Late last week, a federal judge in Colorado ruled that "sanitizing" movies on DVD or VHS is a violation of federal copyright laws, and companies that engage in that practice must turn over their inventory to Hollywood studios.
The decision, which came last Thursday, affects such businesses as CleanFlicks, CleanFilms, and Play It Clean Video. Such companies are known for offering "family-friendly" versions of popular movies—including R-rated films—by editing out objectionable content such as sex, nudity, profanity, and graphic violence.
In a 16-page ruling, U.S. District Judge Richard P. Matsch called the practice of sanitizing videos "illegitimate," and ordered those companies to stop "producing, manufacturing, creating" and renting edited movies.
I think the judge made the right call, at least in principle. Copyright law is far too complicated for me to determine whether sanitizing videos is technically legal—the companies argue that it is legal, citing "fair use" guidelines for copyrighted material—but my concern is about whether it's right.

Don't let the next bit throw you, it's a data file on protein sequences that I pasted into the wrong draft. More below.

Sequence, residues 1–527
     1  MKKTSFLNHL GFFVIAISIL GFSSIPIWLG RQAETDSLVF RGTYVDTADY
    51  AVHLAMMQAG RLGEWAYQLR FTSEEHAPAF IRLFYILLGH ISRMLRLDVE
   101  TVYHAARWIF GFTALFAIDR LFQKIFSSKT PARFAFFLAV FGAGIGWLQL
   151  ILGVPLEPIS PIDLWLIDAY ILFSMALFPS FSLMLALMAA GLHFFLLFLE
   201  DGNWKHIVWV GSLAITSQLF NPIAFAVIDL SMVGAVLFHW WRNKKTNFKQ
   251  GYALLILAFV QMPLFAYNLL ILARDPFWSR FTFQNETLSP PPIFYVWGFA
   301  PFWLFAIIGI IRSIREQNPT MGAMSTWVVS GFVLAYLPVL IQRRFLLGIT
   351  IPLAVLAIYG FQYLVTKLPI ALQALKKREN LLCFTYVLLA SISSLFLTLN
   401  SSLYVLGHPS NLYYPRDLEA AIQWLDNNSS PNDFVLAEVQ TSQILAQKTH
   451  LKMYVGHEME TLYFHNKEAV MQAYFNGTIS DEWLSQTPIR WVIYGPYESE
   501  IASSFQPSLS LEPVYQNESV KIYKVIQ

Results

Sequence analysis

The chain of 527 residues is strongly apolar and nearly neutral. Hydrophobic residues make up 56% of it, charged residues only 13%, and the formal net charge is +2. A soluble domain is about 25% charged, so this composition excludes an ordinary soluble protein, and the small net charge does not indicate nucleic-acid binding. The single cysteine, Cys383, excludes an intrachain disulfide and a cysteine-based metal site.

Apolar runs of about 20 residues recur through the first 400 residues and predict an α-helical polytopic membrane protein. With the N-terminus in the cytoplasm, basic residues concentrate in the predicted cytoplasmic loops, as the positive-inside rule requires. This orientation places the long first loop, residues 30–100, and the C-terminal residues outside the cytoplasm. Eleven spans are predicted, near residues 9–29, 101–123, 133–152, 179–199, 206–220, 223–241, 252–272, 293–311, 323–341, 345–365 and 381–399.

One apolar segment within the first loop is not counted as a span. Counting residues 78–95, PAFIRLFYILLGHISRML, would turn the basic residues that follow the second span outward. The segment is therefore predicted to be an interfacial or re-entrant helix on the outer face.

And I don't think it is.
Movies—even bad ones—are works of art, created by artists with a certain vision of what they want to communicate—and how they want to communicate it. And as works of art, films should remain in their original forms, untouched, unedited, unsanitized. If a particular film's content is too objectionable to certain viewers, those viewers shouldn't watch that film. Simple as that.
There are a number of movies I'd like my sons to see … some day. But for now (they're 15 and 13 years old), they're just not ready for those movies. A few that come to mind include The Passion of The Christ, Saving Private Ryan, and Schindler's ...1
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